Several people explained how the library empowers people with low vision through LEAP (Library Equal Access Programs) at Central Library. Becky Bell said large text and audio speech technology has “enabled me to reach out to my blind community and my community in general.” Jean Jacobs called the library her, “home away from home.” Janice Hufty credited LEAP with helping her to start a Muslim resource center and launch the Warm For Winter Foundation. Camille Jassny, board member of Vision Loss Connections, talked about the importance the Low Vision library book group holds in her life.

Many aspects of library services were cited as enhancements in the lives of people testifying. Paul Michaelson was impressed by library meeting rooms that “affords a unique opportunity for people to come together.” Katherine Beck attended as representative of five generations of library users and talked about using the library for literary research. Paula Becker spoke enthusiastically about the historic collections in The Seattle Room and their excellent digitized offerings.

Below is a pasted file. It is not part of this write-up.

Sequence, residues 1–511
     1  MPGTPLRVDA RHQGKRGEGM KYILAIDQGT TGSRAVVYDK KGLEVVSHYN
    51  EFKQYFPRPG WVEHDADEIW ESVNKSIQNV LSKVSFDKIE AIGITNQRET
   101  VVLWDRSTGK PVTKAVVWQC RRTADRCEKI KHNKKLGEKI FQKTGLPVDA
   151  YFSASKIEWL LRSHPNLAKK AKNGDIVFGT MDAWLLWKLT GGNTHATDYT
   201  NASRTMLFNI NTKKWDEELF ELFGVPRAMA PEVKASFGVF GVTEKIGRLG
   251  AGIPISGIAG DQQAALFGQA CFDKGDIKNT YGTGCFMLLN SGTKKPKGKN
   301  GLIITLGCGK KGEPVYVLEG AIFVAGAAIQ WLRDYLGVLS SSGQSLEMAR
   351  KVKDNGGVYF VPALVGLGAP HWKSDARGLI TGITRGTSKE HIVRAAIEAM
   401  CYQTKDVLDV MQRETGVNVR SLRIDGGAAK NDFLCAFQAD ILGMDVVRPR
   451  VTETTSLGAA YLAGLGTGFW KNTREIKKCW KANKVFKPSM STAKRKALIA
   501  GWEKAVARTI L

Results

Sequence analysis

Two cautionary testimonies from representatives of the City Neighborhood Council (an umbrella group of district councils) and the Seattle Community Council Federation  urged levy authors to establish a levy oversight council to secure voter trust. They also recommended a levy amendment which commits City Council to maintaining existing levels of general fund support for the library if and when the levy passes and commits the Library Board to act on the public’s wish to restore library hours. The levy promises to do four things: restore library hours, enhance books and services, improve computer and online services, and maintain the buildings.

Thank you to those of you who attended the hearing. If you didn’t attend, enjoy the April 3 hearing recorded at Seattle Channel and consider joining Friends of The Seattle Public Library in future events for library support.

2012 Global Reading Challenge (the questions are flying…)

As you may have heard last fall the Seattle Public Library and Seattle Public Schools began another “Global Reading Challenge”. GRC is a cooperative “Battle of the Books” between public school districts across the US and well… globally, with generous support from their local public libraries.